This talk explores Pierre Huyghe’s major work Untilled (2011–2012), an outdoor installation which the French artist created for Documenta 13. Using as our compass his working notes, seldom made public, we shall be finding our bearings in a piece designed to develop its own vitality.
Built on a compost site and open to the wind, Untilled has a very specific form: it plays with the living world and the dead, the natural and the artificial, the animal and the human, and with rhythms and times. A real dog with one foreleg painted pink, a sculpture flanked by a hive of bees – Untilled forges strange alliances by means of shifts, separations and collapses. In the course of our exploration, we shall bring in elements of art history and contemporary philosophy, in order to highlight some of the questions that Untilled poses our present, and the promises that it carries. The discussion will also extend to other major works by Pierre Huyghe, such as The Host and The Cloud (2009–2010) and After ALife Ahead (2017).
A doctoral student attached to the Institut ACTE (Arts, Créations, Théories et Esthétique – CNRS / Panthéon-Sorbonne University – Paris I), Flora Katz is also an art critic for publications (on Pierre Huyghe, Rochelle Goldberg, Eva Barto, Korakrit Arunanondchai, and Jessica Warboys, this last with Tristan Garcia) and magazines (Mouvement, Artpress). She also develops curatorial projects in France and abroad (Fondation Lafayette Anticipations, DOC, Orange Rouge, Fondation d’entreprise Ricard, etc.).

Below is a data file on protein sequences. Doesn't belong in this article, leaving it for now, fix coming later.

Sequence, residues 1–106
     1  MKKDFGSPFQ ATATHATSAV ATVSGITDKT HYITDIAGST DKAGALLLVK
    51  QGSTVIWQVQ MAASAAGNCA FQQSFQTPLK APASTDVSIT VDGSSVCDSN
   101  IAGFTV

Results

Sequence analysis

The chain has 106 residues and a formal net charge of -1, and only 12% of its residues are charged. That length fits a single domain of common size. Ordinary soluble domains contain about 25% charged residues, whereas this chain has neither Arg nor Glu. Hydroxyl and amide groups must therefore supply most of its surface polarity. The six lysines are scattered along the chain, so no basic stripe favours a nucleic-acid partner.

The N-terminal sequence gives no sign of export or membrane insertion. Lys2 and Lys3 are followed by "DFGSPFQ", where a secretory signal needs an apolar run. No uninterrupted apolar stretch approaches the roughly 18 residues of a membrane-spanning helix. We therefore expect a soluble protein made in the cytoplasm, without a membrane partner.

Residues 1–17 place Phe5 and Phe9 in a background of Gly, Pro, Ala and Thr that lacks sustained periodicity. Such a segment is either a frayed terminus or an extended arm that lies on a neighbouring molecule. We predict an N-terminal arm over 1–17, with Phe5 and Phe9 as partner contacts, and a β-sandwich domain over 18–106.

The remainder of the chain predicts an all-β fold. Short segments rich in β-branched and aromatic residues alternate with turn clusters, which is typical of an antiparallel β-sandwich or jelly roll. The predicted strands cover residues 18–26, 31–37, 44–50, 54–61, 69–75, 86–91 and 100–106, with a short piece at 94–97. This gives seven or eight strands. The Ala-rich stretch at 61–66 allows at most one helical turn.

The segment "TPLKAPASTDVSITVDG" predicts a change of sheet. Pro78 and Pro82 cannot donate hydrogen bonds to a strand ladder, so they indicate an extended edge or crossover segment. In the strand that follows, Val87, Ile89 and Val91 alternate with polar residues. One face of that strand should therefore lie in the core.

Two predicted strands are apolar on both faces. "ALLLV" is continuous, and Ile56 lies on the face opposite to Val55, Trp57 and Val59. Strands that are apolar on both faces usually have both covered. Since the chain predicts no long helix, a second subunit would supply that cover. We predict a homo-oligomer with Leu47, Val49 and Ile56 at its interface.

>> “Pierre Huyghe, Untilled” is the first talk in a series of lectures entitled “Exhibiting the Living World”. It will be followed by a talk on Pawel Althamer in 2018. The exhibition La Vie Simple – Simplement la vie / Songs of Alienation concludes with an installation by Pawel Althamer outside on the Fondation patio. It is the materialisation of a fantastical vision of post-apocalyptic nature, cohabited by artificial plants, living plants and parrots. The presence of this imaginary nature in the heart of the city offers us an opportunity to reflect on the way in which the living world is perceived by institutions and artists.